With the rising trend of devops movement, I was curious about the system administration from a software developer’s perspective. That’s why I sat through Adam Moskowitz’s session “The Path to Senior Sysadmin.” Adam summarized the system administrator’s skills to three categories: hard tech skills, squishy tech sill, and software skills as detailed in following. Again, this is based on my note taken from LISA 2010 conference. For other posts related to the conference, check here.
Hard Tech Skills
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- All the commands for system administration;
- System backup;
- Some programming skills like Shell scripting, Perl/Python, C (read);
- Software engineering knowledge like versioning, process;
- Networking knowledge like TCP/IP, routing, switching, application protocols, load balance, protocol analysis;
- OS Kernel. This is an optional but highly valuable skill that greatly helps performance tuning and optimization;
- Commonly used operating systems and applications, e.g. email server/client, on both usage and configuration
Squishy Tech Skills
- Project analysis/planning/budgeting;
- Process especially in regulated environments;
- Standards/specifications, not necessarily all the details, but their existence and who the experts are;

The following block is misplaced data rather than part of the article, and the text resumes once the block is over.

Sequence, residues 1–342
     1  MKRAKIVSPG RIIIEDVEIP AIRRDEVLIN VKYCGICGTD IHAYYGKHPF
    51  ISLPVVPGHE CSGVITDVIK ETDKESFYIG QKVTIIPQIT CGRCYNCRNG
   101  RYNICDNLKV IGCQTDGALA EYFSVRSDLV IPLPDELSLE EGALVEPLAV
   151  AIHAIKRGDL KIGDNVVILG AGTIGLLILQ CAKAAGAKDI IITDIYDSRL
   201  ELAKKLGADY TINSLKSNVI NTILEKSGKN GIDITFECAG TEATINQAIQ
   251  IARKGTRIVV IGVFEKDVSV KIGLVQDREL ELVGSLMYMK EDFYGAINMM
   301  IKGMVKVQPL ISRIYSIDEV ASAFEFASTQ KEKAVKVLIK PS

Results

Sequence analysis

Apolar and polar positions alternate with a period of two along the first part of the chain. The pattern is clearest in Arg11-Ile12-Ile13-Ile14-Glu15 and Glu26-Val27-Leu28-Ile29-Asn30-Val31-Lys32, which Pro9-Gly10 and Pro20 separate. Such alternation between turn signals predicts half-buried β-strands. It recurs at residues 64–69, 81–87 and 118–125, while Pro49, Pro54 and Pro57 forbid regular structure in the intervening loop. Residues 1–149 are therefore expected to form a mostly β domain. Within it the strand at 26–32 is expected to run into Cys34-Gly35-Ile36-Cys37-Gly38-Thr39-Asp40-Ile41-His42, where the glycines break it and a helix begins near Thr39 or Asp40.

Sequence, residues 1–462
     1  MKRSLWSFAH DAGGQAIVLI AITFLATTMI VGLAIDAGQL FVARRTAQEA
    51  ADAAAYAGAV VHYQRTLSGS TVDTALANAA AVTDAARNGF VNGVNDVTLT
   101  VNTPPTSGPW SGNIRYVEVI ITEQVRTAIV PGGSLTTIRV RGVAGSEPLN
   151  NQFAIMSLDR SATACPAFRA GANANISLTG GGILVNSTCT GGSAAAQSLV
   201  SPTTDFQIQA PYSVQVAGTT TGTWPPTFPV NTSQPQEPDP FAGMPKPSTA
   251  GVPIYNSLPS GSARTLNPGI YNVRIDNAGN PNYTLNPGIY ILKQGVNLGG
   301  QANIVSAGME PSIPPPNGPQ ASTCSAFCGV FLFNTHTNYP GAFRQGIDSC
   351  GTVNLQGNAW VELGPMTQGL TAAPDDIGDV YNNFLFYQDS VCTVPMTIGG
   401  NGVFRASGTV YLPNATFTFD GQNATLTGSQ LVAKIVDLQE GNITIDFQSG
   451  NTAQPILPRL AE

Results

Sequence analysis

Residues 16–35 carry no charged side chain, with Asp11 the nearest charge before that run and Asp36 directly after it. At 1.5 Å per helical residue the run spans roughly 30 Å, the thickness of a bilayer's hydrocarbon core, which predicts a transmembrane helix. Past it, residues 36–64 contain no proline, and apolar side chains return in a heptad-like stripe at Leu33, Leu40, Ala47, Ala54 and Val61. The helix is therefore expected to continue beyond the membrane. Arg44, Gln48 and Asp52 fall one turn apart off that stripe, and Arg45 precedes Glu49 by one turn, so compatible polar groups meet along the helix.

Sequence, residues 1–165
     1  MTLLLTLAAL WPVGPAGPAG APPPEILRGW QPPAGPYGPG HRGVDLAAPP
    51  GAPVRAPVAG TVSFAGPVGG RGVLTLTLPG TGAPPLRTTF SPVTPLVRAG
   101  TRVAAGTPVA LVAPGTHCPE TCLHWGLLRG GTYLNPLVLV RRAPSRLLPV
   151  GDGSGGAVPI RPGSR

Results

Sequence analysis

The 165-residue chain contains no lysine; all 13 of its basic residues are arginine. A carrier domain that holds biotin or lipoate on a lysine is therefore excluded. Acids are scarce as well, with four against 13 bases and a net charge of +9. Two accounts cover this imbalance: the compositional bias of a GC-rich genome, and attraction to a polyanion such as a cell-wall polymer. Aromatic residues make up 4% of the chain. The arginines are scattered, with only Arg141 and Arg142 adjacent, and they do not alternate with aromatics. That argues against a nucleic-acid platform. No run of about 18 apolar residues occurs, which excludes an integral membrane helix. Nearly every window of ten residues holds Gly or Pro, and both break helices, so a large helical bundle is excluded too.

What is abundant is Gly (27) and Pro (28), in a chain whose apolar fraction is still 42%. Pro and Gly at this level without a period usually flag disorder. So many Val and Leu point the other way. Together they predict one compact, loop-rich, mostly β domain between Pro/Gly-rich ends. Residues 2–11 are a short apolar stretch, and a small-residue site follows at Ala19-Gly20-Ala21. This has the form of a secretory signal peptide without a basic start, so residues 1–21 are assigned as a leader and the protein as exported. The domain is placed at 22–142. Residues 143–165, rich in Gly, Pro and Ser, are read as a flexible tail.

- Business so that you can understand the purposes, business reasons and compliance requirements for some administrative works. For example, if you know some data is easily re-generable, you don’t need to back it up normally;
- Know outside resources and network with other professional. Attending LISA conference is a good way;
- Learn adjacent areas like database administration, etc;
- Know when to ask for help;
- Attitude: being helpful and friendly, and get things done;
- Attitude: know how to talk to managers;
- Attitude: respect others in company; help people, not complain;
- Supporting roles;
- Presentation and speaking;
- Mentor others
I think these skills especially the soft skills and squish tech skills are highly transferrable. If you are already a good developer, you have probably had these skills. To be a devops, you don’t necessarily have all the hard tech skills. But knowing them is definitely a big plus. For one thing, you may find it’s much easier to communicate with system administrators.
More details can be found from Adam’s presentation slides at here.